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Need help finding the cartesian coordinates of a projectile in flight.

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Evan Wray
Evan Wray on 21 Feb 2020
Commented: Evan Wray on 22 Feb 2020
I am given the location of 2 observers on the ground (xy-plane, so z=0), and an azimuth angle (in degrees) as well as an elevation angle (in degrees) from each observer to a projectile in flight. How do I find where these 2 lines of sight intersect? (which would be the x,y,z location of the projectile)
Given Info:
x_obs1 = 671.4971
y_obs1 = 717.2387
z_obs1 = 0
az_obs1 = 75.1148
el_obs1 = 9.3679
x_obs2 = -1.2075*10^3
y_obs2 = 1.6302*10^3
z_obs2 = 0
az_obs2 = -6.4515
el_obs2 = 3.2086
My main problem is that due to the fact that the number have decimals the lines of sight never perfectly intersect. How do I tell if they intersect within 1 or 2 units? (basically if the projectile had a finite volume)

  3 Comments

Jacob Wood
Jacob Wood on 21 Feb 2020
I would convert the az-el numbers into a direction vector, then determine the closest point between the two vectors: http://morroworks.palitri.com/Content/Docs/Rays%20closest%20point.pdf

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Accepted Answer

David Goodmanson
David Goodmanson on 22 Feb 2020
Edited: David Goodmanson on 22 Feb 2020
Hi Evan,
Assume the two ground positions are p1 and p2. This method uses the 3d triangle p1,p2,and p3 (the intersection point), assumes that the triangle is closed, and calculates the distances {p1 to p3) and (p2 to p3). Then p3 itself can be calculated two different ways, based on starting from either p1 or p2. These agree reasonably well. For the final result you might consider the average of those two calculations of p3..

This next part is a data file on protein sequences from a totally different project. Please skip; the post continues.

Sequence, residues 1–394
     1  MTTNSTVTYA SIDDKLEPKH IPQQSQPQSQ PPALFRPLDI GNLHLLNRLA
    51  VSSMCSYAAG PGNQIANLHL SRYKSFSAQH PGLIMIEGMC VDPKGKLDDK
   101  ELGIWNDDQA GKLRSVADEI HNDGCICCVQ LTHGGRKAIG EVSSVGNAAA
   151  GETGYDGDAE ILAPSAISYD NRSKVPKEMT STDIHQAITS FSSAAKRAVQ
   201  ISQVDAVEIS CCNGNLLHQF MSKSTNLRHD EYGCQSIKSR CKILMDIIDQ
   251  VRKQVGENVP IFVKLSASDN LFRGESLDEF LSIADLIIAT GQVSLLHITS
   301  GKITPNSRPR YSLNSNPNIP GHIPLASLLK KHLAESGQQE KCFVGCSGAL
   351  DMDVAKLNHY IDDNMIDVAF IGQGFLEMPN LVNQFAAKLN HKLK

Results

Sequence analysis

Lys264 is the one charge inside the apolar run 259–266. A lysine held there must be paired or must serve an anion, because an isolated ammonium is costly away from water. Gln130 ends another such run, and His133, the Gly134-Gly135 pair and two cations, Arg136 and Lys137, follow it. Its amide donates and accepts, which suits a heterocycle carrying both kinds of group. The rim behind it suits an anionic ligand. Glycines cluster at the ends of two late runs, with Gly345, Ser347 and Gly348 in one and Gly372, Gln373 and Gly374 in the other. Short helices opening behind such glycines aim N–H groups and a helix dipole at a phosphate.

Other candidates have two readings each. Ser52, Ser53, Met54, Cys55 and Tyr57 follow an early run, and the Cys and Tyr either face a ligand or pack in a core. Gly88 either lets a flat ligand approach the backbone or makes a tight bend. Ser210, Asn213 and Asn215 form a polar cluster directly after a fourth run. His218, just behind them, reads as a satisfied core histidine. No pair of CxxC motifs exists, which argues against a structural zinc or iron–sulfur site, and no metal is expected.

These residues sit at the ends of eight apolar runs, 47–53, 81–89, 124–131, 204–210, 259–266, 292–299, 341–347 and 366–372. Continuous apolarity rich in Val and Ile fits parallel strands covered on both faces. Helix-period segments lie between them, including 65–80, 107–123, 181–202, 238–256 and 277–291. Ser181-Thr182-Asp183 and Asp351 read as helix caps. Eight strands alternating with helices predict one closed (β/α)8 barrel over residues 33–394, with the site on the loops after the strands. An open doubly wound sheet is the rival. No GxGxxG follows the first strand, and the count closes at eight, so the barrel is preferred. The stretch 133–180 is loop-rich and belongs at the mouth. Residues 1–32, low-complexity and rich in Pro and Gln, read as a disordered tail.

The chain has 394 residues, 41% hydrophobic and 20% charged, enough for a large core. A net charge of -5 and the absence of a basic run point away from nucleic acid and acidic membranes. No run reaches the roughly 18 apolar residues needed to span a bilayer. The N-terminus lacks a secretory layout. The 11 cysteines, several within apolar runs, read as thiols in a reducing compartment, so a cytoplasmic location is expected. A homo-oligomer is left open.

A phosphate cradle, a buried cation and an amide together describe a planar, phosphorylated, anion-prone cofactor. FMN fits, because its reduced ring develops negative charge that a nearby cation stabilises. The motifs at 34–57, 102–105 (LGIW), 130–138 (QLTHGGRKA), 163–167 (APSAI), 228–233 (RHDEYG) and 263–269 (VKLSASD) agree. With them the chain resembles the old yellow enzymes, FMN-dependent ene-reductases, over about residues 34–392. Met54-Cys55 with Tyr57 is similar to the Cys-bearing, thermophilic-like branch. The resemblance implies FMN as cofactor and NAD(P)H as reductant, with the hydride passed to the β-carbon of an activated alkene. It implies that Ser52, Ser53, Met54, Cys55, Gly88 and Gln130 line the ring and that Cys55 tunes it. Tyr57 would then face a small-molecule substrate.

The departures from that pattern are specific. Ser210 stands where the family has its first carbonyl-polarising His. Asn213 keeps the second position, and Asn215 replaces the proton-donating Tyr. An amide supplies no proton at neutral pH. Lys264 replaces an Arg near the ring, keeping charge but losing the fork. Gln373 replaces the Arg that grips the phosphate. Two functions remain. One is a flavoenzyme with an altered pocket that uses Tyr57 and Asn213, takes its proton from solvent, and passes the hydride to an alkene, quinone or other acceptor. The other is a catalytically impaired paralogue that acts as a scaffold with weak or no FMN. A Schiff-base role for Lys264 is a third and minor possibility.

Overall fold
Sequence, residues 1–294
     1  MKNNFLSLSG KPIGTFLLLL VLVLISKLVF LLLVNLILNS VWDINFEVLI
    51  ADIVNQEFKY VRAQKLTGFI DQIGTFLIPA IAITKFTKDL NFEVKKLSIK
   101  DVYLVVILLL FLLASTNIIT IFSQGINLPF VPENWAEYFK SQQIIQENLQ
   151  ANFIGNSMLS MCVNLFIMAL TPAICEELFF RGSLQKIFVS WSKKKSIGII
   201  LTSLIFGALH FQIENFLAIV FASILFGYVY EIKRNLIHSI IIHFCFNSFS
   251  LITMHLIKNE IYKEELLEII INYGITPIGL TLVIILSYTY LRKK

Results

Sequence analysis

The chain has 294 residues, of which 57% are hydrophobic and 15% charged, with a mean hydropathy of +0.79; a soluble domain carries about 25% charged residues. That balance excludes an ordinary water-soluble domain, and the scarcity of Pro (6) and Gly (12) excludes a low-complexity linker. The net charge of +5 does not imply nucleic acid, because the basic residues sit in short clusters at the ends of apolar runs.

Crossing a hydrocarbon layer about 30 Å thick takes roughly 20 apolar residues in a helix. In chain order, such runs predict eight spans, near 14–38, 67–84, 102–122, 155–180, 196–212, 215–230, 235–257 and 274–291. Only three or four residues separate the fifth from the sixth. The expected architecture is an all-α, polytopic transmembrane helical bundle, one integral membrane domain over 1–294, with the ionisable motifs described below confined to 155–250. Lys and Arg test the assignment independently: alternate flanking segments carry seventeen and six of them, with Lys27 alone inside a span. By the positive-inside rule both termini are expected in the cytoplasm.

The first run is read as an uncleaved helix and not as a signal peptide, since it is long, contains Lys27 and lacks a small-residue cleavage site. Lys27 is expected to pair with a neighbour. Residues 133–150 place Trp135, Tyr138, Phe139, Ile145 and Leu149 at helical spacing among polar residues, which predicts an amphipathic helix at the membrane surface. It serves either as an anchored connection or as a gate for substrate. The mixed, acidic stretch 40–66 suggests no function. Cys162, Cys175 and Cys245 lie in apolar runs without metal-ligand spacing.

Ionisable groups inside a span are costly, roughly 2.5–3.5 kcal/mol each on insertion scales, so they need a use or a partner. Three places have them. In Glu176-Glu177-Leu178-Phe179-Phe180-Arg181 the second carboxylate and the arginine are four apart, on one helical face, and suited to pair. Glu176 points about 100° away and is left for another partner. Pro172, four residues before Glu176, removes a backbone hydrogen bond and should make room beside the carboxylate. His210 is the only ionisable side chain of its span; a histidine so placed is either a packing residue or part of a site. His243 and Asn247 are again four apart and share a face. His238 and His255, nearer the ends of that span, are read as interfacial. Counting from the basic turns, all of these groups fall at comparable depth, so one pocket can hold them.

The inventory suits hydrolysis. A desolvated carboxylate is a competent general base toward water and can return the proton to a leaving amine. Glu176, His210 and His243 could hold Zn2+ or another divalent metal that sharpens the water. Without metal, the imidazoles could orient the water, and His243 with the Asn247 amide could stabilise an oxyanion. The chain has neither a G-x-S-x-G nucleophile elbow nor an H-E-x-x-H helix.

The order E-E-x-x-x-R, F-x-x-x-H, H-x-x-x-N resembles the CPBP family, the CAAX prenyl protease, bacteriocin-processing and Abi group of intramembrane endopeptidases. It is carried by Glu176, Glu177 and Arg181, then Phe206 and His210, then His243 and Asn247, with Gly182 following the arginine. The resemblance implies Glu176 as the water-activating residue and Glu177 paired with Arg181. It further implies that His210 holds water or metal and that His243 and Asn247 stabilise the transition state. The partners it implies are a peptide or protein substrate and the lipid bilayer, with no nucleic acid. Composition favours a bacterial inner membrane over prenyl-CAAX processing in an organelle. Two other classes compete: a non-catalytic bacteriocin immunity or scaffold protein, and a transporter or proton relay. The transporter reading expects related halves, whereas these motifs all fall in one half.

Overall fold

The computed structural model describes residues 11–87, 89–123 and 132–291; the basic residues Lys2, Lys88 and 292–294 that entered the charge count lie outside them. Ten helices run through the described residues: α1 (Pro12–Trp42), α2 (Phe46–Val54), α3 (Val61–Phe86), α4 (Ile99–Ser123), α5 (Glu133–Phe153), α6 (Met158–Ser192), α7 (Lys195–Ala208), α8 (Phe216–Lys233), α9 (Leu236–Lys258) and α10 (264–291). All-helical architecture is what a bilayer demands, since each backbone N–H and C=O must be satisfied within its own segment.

x1 = 671.4971;
y1 = 717.2387;
z1 = 0;
az1 = 75.1148;
el1 = 9.3679;
x2 = -1.2075*10^3;
y2 = 1.6302*10^3;
z2 = 0;
az2 = -6.4515;
el2 = 3.2086;
p1 = [x1 y1 0];
p2 = [x2 y2 0];
u1 = [cosd(el1)*cosd(az1) cosd(el1)*sind(az1) sind(el1)];
u2 = [cosd(el2)*cosd(az2) cosd(el2)*sind(az2) sind(el2)];
vgrd = p2-p1;
dgrd = norm(vgrd);
ugrd = vgrd/dgrd;
theta1 = acosd(dot(u1,ugrd));
theta2 = acosd(dot(u2,-ugrd));
phi = 180 - theta1 - theta2;
d2 = dgrd*sind(theta1)/sind(phi);
d1 = dgrd*sind(theta2)/sind(phi);
p3_1 = p1 + d1*u1 % these should agree
p3_2 = p2 + d2*u2
p3_1 - p3_2 % difference is fairly small
norm((p3_1 - p3_2))*2/(d1 + d2) % relative error

More Answers (1)

darova
darova on 21 Feb 2020
Here is what i invented
clc,clear
x1 = 671.4971;
y1 = 717.2387;
z1 = 0;
az1 = 75.1148*pi/180;
el1 = 9.3679*pi/180;
[u1,v1,w1] = sph2cart(az1,el1,1); % create a vector1
x2 = -1.2075*10^3;
y2 = 1.6302*10^3;
z2 = 0;
az2 = -6.4515*pi/180;
el2 = 3.2086*pi/180;
[u2,v2,w2] = sph2cart(az2,el2,1); % create a vector1
plot3([x1 x2],[y1 y2],[z1 z2],'.-b')
hold on
quiver3(x1,y1,z1,u1,v1,z1,1e3)
quiver3(x2,y2,z2,u2,v2,z2,3e3)
hold off
axis equal
view(2)

  1 Comment

Evan Wray
Evan Wray on 22 Feb 2020
this helps to visualize the problem but doesn't return the coordinates of the intersection point

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